When will there be justice at last for Jimmy Mohlala?

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They say time is the greatest healer, but I am not sure if the wounds of family, friends and comrades of Jimmy Mohlala are healing eight years after he was shot dead.

Last week, Mohlala’s SA Communist Party (SACP) comrades took to Facebook and posted Mohlala’s poster – crying out for justice to be done and to nudge everybody never to forget.

To jog your memory, Mohlala was the council speaker of Mbombela. An affable soul, according to those who knew him.

He was shot dead on January 4 2009 for what most people believe was an attempt to cover up tender corruption that sullied the construction of the R1.2 billion Mbombela Stadium for the Fifa World Cup.

Those who believe his death cannot be separated from the stadium are within their right to do so. Copious municipal records paint a clear picture of Mohlala’s crusade against tender corruption, and just how putrefied processes were.

I often wonder what Mohlala’s family and friends think when they see the architectural masterpiece in Mataffin, just outside the city centre.

Is it just a sports facility or an eyesore? Do they ever go to watch soccer, rugby and music performances taking place there, knowing what the stadium cost them?

I doubt that time will ever heal their grief and pain. I imagine that only justice and some sort of closure will appease them.

But there is a big problem here. Justice has failed Mohlala’s spirit and all those who care.

That failure doesn’t look like an honest mistake, and I will tell you why.

Firstly, late in 2010, the Hawks arrested five people for Mohlala’s murder. They made a spectacle of themselves by celebrating the so-called breakthrough with glee.

The noisy ones’ bullshit detectors went up, because among the five suspects, one was 59-year-old Jenny Mabila – an unsophisticated, single Matsulu township woman who eked out a living as a hospital cleaner to raise her sons (one of them, Sakhile, was also arrested for pulling the trigger to kill Mohlala) and daughters under trying circumstances.

The gasps and sighs of disbelief from the public gallery when Mabila appeared in court alongside the four young men – two of them were policemen – explained it all. She just did not fit in as a billion-rand-tender league player.

I dug up more information and to my surprise found that the Hawks’ informant, Evans, was also Mabila’s son.

Nothing wrong about the Hawks listening to Evans, but he had, in between Mohlala’s shooting and blowing the whistle to the police, decided to frame Sakhile for a lesser crime of stealing his girlfriend’s car.

Evans withdrew the charge against Sakhile the following day.

About one year and 10 months later, Evans decided to tell the Hawks about the crime that was plotted in his presence at his mother’s house.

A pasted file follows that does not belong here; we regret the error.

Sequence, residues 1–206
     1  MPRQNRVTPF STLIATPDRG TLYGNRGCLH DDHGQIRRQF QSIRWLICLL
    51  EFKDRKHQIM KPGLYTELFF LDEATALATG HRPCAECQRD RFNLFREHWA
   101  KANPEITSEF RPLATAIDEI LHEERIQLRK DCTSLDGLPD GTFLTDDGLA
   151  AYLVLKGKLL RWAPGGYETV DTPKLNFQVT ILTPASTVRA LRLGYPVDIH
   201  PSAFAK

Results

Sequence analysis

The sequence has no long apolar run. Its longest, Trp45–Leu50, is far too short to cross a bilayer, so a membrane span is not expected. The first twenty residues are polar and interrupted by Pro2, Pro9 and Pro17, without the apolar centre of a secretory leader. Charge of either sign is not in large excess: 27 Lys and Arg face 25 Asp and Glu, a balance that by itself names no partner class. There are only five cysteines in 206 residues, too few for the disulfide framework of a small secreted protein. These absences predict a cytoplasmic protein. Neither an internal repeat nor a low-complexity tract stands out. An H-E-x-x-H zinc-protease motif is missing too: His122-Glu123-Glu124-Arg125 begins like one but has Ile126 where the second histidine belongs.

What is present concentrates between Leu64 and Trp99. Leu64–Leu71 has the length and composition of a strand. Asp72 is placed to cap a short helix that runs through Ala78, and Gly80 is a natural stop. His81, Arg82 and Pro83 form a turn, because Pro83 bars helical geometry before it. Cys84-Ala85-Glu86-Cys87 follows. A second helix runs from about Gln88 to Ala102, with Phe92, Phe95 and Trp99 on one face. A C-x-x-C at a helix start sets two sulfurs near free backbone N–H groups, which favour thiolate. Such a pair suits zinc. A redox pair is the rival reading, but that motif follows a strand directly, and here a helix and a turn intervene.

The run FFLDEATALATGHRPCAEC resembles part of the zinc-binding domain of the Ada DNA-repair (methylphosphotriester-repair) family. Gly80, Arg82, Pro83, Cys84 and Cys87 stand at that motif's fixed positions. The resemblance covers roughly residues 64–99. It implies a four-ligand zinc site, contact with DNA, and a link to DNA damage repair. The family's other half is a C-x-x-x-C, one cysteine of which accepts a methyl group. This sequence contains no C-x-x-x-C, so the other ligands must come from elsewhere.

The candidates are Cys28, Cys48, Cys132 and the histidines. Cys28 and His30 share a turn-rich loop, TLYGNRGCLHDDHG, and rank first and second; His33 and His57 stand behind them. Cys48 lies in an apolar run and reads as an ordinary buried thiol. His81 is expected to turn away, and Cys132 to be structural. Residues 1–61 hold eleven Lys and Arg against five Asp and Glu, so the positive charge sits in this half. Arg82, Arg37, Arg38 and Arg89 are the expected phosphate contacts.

The two cops – Stanley Mhlanga and Finish Mkhabela – were immediately suspended without pay. This happened despite a deputy police commissioner warning her colleagues that it was premature to suspend the duo before ballistic tests and other evidence were collected.

Evans’ colourful affidavit with juicy details about witchcraft was the only evidence the police had. The court correctly withdrew the charges in 2012. Since then, the police have been dead silent.

Then, later in 2012, the Hawks followed up on the tender corruption. They arrested five men, including Kaizer Chiefs manager Bobby Motaung, and former Mbombela manager Jacob Dladla, on fraud and corruption charges.

Motaung’s company, Lefika Emerging Equity, won the tender to design the stadium. The National Prosecuting Authority (NPA) was certain it had a winnable case.

The SACP members I mentioned before and the public took to the streets and demanded something else – that Mohlala’s killers (who were not Motaung and his co-accused) be found and put in jail.

A few months down the line, the NPA, still confident of its prospects to win, requested the transfer of the case from the regional to the high court. Then, something bizarre happened.

Instead of coming up with a new date, the NPA’s management submitted two contradicting letters to the Nelspruit regional court.

One manager wanted the case to remain in the regional court while another wanted it transferred. The confusion prompted the magistrate to withdraw the case.

Despite the NPA having said it was ready for trial, the police started their investigation afresh and the NPA declined to prosecute.

This begs the question: Why was the NPA ready for trial before the scramble about the transfer of the case?

The less said about the appointment of a police task team in 2011 to probe the Mpumalanga political killings, the better. To date, no one knows anything about it.

Something is really amiss about Mohlala’s case and one is tempted to suspect collusion and sabotage.

This is the stuff of fiction movies and dramas where cases disappear because of witchcraft.

Who should Mohlala’s family, friends and comrades turn to for justice to be done?

Yende is a journalist based in Nelspruit

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